But as you can see, this means we are differentiating between heads A and heads B, which is unnecessary. If heads A was obtained on flip 1 and heads B was obtained on flip 3, this is equivalent to heads B being obtained on flip 1 and heads A being obtained on flip 3 since they are both heads, so we are overcounting if we use permutations. So we divide by the number of ways the heads can be arranged among themselves (2! in this example) to get the actual number of events that will satisfy the condition exactly 2 heads in 3 flips. Hence, the number of ways to get exactly 2 heads in 3 flips is 3C2 and not 3P2.
• I am still struggling to get my head around the intuition on this one; in particular the concept that 3 chosen variables occuring in any order out of 8 unkown variables (outcomes of coin flips) is the same concept as 3 chosen variables arising in any order (e.g.: three people sitting together in any order) out of 8 known variables (e.g.: eight people). Is the unkown nature of the variables irrelevant for the calculation of the combinations? Does this also extend to situations with more unknown variables?

For example if we have a fruit machine with 8 spinning wheels, there are 10 items on each wheel 1 of those 10 is a bell and we say we want to calculate the permutations where there will be 3 of the 8 wheels showing a bell? Would this situation still be 8!/(3!*(8-3)!)?
• The coins and the people aren't really that different.
Each coin has two possible outcomes, Heads or Tails, and each person also has two possible outcomes, sitting or standing.

The difference is that for the 8 people we are asked the number of ways that we can choose which 3 are sitting, while for the 8 coins we are asked the probability that 3 are Heads and the others are Tails.

However, since each coin is equally likely to land Heads as to land Tails, then each sequence of 8 coins is also equally likely to occur, and thereby the probability that 3 coins are Heads is equal to the number of sequences that consist of 3 Heads and 5 Tails, divided by the total number of possible sequences.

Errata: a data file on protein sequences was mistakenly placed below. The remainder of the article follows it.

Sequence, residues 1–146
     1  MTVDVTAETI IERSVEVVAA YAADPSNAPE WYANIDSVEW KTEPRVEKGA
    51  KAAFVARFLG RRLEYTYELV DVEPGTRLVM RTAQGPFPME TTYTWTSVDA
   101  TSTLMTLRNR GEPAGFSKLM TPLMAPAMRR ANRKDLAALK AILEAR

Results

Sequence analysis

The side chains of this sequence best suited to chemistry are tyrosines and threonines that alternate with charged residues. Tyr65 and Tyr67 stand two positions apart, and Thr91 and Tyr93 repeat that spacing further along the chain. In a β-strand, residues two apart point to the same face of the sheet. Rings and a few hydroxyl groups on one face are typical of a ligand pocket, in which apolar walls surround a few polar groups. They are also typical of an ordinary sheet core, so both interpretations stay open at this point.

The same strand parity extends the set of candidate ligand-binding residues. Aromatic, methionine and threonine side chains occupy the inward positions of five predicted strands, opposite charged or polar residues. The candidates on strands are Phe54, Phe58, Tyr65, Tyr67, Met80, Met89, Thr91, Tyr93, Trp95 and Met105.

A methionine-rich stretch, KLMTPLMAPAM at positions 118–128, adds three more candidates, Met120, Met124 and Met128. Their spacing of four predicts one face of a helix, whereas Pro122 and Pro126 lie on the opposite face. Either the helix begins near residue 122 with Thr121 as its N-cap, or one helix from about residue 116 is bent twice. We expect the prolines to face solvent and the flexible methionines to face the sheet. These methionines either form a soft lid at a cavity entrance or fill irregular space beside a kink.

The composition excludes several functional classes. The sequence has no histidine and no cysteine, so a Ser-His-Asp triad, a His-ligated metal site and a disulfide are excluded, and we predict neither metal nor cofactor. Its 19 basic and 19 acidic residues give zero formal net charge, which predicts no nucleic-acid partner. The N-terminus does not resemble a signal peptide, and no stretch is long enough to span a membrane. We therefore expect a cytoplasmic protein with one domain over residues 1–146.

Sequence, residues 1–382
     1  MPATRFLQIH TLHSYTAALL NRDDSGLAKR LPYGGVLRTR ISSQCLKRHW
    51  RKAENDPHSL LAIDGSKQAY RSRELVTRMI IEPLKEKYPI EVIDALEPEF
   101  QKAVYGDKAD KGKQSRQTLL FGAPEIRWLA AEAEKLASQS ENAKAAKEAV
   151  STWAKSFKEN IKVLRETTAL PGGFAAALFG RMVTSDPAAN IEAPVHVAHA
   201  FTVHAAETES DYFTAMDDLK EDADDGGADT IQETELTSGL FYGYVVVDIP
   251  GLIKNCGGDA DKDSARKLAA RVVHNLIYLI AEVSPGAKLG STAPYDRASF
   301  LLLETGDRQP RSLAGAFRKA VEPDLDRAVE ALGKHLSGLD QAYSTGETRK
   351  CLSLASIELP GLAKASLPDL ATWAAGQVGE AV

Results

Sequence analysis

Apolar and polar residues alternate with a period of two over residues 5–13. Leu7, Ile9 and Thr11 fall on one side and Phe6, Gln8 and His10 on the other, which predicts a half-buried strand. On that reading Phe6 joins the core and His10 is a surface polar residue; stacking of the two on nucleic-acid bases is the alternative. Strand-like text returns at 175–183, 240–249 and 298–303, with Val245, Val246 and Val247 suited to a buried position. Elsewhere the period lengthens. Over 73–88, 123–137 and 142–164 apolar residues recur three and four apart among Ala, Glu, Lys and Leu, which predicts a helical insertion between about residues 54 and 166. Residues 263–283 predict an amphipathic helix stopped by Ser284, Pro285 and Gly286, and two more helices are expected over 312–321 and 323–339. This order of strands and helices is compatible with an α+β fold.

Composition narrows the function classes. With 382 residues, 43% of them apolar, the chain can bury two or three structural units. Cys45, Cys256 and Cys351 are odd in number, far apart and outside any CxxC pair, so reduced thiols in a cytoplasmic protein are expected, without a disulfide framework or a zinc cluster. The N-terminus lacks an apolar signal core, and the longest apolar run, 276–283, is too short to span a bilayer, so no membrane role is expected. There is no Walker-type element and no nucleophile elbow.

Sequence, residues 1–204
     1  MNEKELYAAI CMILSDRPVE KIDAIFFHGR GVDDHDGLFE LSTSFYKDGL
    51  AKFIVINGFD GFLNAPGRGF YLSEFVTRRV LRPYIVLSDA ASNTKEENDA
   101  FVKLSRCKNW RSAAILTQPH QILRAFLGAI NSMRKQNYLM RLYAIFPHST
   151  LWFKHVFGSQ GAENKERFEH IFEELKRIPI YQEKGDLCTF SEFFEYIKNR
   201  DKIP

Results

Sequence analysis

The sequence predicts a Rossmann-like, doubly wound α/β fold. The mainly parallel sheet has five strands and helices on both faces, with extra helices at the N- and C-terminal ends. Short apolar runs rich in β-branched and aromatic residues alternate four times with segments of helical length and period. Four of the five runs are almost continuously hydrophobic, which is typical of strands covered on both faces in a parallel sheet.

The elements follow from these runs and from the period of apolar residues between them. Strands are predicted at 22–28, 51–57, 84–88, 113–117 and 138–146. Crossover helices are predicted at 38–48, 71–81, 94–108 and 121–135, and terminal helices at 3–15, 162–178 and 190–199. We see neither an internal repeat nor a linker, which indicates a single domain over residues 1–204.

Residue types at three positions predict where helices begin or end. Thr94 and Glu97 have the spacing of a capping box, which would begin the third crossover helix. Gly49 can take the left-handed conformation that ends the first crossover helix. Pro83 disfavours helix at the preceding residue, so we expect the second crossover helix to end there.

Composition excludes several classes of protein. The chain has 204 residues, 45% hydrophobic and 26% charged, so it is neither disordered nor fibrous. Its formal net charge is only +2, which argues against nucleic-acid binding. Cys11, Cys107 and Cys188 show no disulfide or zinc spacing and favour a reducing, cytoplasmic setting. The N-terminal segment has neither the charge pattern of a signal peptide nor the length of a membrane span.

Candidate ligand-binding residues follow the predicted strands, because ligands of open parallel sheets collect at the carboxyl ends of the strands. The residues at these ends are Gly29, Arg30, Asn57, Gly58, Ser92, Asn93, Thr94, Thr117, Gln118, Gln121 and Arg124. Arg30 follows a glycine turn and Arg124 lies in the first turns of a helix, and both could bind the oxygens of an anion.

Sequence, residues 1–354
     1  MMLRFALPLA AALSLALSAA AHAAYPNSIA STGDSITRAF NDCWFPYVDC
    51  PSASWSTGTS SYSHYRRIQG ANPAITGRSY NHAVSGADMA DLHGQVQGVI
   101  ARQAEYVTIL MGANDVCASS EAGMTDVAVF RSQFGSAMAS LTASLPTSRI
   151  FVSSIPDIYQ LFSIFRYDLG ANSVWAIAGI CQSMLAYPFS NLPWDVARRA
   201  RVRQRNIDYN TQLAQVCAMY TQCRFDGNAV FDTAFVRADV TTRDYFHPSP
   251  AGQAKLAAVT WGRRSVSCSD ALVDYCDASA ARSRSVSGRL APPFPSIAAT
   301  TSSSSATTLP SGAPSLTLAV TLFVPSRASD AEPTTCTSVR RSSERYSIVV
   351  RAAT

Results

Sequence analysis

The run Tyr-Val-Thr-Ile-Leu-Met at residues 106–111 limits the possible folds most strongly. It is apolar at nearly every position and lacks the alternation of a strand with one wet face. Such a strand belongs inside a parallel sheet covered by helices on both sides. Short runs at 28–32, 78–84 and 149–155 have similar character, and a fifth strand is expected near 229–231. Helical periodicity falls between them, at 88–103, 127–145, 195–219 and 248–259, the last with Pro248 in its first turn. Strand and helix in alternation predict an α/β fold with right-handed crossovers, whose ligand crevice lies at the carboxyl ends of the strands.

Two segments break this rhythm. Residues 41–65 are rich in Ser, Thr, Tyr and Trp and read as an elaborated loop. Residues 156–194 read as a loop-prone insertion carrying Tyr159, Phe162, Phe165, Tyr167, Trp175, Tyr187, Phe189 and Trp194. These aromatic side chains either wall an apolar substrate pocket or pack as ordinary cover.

So, we want to know in how many ways we can choose which 3 coins are Heads, which of course must be the exact same as the number of ways we can choose which 3 people are sitting.

– – –

In the case with the fruit machine, each wheel can be seen as having two possible outcomes, Bell or No Bell.

However, now the two possibilities have different probabilities:
P(Bell) = 1∕10
P(No Bell) = 9∕10

This means that the probability of a certain sequence depends on the number of Bells that are in the sequence.
A sequence containing 3 Bells has the probability
(1∕10)³ ∙ (9∕10)⁵

But now that we have that probability, all we need to do is multiply it by the number of sequences containing 3 Bells, which again is the same as the number of ways we can choose which 3 wheels are Bells = 8!∕(3! ∙ 5!)
• This took me a while. Especially the analogy to people and seats from the previous videos.

Reducing the problem space to getting 2 heads in 3 flips helped. Flips are the "unique entity", and we can name them like people: flip A, flip B, flip C (instead of using numbers, which might be confusing). And we're interested in 2 "heads" events (analogous to "sitting" state of people). The flips permutations that would result in 2 heads are AB, AC, BC, BA, CB, CA. This is a total of 6 (3x2) permutations. We get the number of combinations by dividing the permutations by 2 (= k! = 2! = 2x1), so 3 combinations: AB/BA, AC/CA and BC/CB. So we've 3 possible combinations of 3 flips that result in 2 heads.

Now moving to the realm of outcomes in terms of heads and tails, we've 8 (2^3) possible outcomes: HHH, HHT, HTH, HTT, THH, THT, TTH and TTT. We can see that 3 of those outcomes contain exactly 2 heads (HHT, HTH, THH). This is also the number of combinations of 3 flips that result in 2 heads, calculated above (if it's still unintuitive, it can help to think about the case where we get HHH or TTT, which would correspond respectively to 6 permutations or 1 combination of flips).

Finally, to get the probability of getting exactly 2 heads in 3 flips, we divide the number of "success" events, in this case, of getting exactly 2 heads, by the number of total outcomes, so 3/8.
• Does n C k = n C (n-k) ? (n C k is other way of writting binomial coffiecient)
(1 vote)
• Yep, that's correct. Let's take some examples:

`16C3 = 560 = 16C13` (n = 16, k = 3)
`22C14 = 319770 = 22C8` (n = 22, k = 14)

More academic proof: Let's call `m = n - k`, therefore `k = n - m`.
``nCk = n! / [k! * (n - k)!]nCk = n! / [(n - m)! * m!]nCk = nCm``